NBC: New California laws target human trafficking with transit, hotel workers

October 2, 2018

By Agnes Constante

LOS ANGELES — Two new California laws will require workers in certain industries to go through training to identify human trafficking as part of a package of legislation that advocates expect will help the state address the issue.

California Gov. Jerry Brown on Thursday signed into law six bills aimed at addressing human trafficking, two of which require human trafficking awareness training in industries where workers are likely to encounter trafficking victims. The laws are scheduled to go into effect on Jan. 1, 2019, with training to be complete by 2020 for hotel and motel workers and by 2021 for transit workers.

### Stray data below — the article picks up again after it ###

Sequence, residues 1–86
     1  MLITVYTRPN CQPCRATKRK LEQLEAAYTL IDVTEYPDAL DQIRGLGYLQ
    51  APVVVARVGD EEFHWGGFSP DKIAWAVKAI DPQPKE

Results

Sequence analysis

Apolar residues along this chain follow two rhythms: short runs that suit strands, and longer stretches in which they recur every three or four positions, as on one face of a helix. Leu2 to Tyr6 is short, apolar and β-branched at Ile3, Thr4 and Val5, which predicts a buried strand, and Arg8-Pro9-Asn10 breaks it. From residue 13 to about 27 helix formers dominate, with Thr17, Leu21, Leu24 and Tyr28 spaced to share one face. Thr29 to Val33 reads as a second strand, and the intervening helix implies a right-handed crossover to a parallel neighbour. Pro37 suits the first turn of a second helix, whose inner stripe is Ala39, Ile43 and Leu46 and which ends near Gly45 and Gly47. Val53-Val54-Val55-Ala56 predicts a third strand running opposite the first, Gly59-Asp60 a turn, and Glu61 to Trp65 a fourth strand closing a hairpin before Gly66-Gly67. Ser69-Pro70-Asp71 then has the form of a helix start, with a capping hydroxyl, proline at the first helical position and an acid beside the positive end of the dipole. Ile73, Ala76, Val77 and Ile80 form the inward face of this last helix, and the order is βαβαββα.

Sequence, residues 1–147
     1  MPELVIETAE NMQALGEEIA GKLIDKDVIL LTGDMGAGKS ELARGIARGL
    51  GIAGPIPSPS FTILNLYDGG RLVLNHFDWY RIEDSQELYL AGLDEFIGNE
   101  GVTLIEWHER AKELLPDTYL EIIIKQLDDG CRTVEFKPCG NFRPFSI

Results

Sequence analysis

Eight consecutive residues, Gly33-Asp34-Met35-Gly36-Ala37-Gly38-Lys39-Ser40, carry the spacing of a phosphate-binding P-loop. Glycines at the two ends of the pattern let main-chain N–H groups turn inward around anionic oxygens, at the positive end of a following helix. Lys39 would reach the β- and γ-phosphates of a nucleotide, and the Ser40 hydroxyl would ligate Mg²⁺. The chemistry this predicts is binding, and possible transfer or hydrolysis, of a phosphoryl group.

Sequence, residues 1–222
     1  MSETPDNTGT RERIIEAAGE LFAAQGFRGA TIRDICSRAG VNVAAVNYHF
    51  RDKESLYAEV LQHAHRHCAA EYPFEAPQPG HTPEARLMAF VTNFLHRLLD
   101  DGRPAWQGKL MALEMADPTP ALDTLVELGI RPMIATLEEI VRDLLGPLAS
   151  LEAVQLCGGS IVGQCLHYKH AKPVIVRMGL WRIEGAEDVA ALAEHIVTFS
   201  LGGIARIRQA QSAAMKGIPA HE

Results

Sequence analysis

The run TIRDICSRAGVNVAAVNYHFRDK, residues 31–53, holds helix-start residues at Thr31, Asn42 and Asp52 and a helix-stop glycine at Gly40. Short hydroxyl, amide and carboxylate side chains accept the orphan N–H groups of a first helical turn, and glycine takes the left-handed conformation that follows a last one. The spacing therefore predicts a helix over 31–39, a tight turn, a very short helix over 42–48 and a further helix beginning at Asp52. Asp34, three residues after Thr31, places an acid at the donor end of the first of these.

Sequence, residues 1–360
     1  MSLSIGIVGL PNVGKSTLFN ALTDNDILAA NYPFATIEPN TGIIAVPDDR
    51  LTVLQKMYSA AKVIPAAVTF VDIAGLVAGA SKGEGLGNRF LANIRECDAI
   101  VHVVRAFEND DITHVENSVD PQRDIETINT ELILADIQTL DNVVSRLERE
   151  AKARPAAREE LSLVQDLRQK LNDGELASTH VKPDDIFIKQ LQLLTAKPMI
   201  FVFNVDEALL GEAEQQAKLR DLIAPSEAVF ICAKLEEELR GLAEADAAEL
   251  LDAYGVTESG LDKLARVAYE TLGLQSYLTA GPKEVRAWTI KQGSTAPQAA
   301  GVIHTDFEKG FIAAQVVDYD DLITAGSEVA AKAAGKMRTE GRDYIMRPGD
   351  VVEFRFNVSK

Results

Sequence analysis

One of the bills, introduced by Assembly Member Ash Kalra, a Democrat whose district includes parts of San Jose in Northern California, requires transit employees to undergo at least 20 minutes of human trafficking awareness training. Another measure introduced by state Sen. Toni Atkins, the president pro tempore of the state Senate and a Democrat whose district includes parts of San Diego County, amends existing state law by requiring hotel and motel employers to provide workers with the same type of training.